Willy Mendoza, DDS - CHOICE Bolivia Director
Willy Mendoza is from La Paz and has been the Director of CHOICE Bolivia since 1999. Has been working with CHOICE Humanitarian since he was a young man and under the mentorship of James B. Mayfield, Ph.D., and Tim Evans DDS. Willy is a professional dentist by trade and holds a Bachelor’s Degree in Village Development and has a Master's Degree in Water Projects from NUR University. He is currently studying to become a lawyer at the Public University El Alto. He works with his team in Bolivia on water systems, the environment, health, education, and cultural appreciation of the Altiplano region of Bolivia. Willy works tirelessly to support self-sufficiency within the Aymara communities. He promotes the self-development of the Bolivian people by incorporating CHOICE’s Model of Leadership Development, community building from the ground up.
He was born in La Paz. His father was a leader of 64 villages in the province of Ingavi, Department of La Paz. His father was also a teacher in the communities and Willy learned early in life to respect, honor, and appreciate the leadership and culture of an Altiplano community.
He followed the cultural beliefs and led his life within the strictures of indigenous Aymara Culture. Willy is engaged with the people in Bolivia and deeply respects the traditional way of the Aymara nation. Today Willy has inherited the great leadership and authority qualities (Mallcu) of his father. Willy has done extensive work as a professional translator between Spanish and Aymara and continues to volunteer his time facilitating communication between the speakers of both languages in his community. He is married to Maxima Mendoza and he has three daughters.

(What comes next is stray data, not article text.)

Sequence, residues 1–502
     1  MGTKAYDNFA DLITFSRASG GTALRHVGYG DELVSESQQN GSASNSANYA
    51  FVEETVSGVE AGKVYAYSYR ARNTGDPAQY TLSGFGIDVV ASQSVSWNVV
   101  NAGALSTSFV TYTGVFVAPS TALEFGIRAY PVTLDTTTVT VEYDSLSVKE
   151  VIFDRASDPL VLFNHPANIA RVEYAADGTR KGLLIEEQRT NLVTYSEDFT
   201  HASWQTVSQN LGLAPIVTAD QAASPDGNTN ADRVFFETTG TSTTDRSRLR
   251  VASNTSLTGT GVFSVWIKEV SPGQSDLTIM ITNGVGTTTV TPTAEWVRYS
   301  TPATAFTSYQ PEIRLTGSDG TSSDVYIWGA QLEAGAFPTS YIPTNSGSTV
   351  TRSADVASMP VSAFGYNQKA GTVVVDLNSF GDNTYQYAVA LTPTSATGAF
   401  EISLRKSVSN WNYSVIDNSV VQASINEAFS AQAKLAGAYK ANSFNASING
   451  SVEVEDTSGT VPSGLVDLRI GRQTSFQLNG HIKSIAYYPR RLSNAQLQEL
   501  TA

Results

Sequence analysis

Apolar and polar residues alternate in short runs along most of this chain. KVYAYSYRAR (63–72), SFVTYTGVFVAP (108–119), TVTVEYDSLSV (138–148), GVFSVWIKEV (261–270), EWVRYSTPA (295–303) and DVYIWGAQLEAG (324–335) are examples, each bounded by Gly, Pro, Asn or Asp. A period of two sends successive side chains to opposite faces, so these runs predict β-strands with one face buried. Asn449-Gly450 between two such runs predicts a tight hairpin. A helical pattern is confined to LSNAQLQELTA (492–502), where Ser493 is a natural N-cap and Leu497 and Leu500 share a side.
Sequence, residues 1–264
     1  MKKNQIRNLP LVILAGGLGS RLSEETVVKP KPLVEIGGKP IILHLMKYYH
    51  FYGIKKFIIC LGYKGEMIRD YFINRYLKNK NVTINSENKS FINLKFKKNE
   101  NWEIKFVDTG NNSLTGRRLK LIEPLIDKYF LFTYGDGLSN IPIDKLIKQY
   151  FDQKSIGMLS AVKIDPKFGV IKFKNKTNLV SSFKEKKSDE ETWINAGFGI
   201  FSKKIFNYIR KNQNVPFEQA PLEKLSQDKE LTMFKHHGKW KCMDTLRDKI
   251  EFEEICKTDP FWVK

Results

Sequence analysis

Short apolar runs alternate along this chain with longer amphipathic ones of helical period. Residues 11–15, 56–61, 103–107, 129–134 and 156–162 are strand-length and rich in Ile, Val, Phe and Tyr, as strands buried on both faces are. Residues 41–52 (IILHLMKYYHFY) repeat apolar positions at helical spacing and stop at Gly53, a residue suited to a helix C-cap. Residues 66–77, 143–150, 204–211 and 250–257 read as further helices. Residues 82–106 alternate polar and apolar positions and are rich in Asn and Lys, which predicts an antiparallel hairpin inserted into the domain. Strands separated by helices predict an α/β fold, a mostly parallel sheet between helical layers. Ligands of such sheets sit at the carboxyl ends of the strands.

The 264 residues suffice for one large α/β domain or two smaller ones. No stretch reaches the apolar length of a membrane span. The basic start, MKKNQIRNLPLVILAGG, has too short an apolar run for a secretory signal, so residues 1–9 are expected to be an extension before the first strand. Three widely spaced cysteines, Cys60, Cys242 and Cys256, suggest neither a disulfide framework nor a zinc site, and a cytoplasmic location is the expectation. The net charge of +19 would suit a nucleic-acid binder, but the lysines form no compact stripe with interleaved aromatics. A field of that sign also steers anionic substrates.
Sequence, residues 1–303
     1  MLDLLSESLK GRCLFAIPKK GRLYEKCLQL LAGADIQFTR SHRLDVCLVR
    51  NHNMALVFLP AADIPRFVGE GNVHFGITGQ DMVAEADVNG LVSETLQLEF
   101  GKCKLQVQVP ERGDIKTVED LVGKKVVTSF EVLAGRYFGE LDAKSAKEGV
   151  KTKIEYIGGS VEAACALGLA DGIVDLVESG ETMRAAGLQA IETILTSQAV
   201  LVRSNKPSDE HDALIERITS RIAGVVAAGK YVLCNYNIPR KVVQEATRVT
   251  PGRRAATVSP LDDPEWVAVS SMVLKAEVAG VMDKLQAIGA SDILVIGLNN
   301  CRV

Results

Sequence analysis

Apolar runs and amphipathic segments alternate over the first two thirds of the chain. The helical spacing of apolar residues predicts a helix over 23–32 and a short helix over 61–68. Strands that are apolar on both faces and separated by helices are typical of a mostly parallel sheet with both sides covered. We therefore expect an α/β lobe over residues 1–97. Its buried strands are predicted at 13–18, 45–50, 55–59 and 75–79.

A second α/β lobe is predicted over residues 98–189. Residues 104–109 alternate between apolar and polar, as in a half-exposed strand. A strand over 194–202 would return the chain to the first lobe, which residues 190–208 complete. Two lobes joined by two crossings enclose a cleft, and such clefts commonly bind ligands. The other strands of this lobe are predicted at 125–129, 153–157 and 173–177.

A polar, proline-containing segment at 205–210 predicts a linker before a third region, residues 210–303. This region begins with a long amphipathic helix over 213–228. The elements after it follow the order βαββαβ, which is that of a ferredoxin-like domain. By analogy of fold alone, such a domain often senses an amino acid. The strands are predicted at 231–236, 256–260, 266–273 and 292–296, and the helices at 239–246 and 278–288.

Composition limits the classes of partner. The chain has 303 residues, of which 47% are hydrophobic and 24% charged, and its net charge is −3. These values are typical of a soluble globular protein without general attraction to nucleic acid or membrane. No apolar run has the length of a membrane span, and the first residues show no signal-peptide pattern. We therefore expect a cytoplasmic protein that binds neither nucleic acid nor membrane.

Working for CHOICE Bolivia is very fulfilling to him. Prior to working at CHOICE, he worked as an evaluator in the Altiplano. Once when visiting a family's home, no one answered the door, but he heard a sound behind the home. There he found a man and a child. The man told him that his wife had cancer and the only thing they could do was wait for her to die. Willy gave the woman some water and food. She did not have on many clothes and the cold in the Altiplano can be intense. Willy then understood the reality of being poor and felt a lot of pain. Over time he learned that poverty is a lack of opportunity - a phrase he still uses in his work.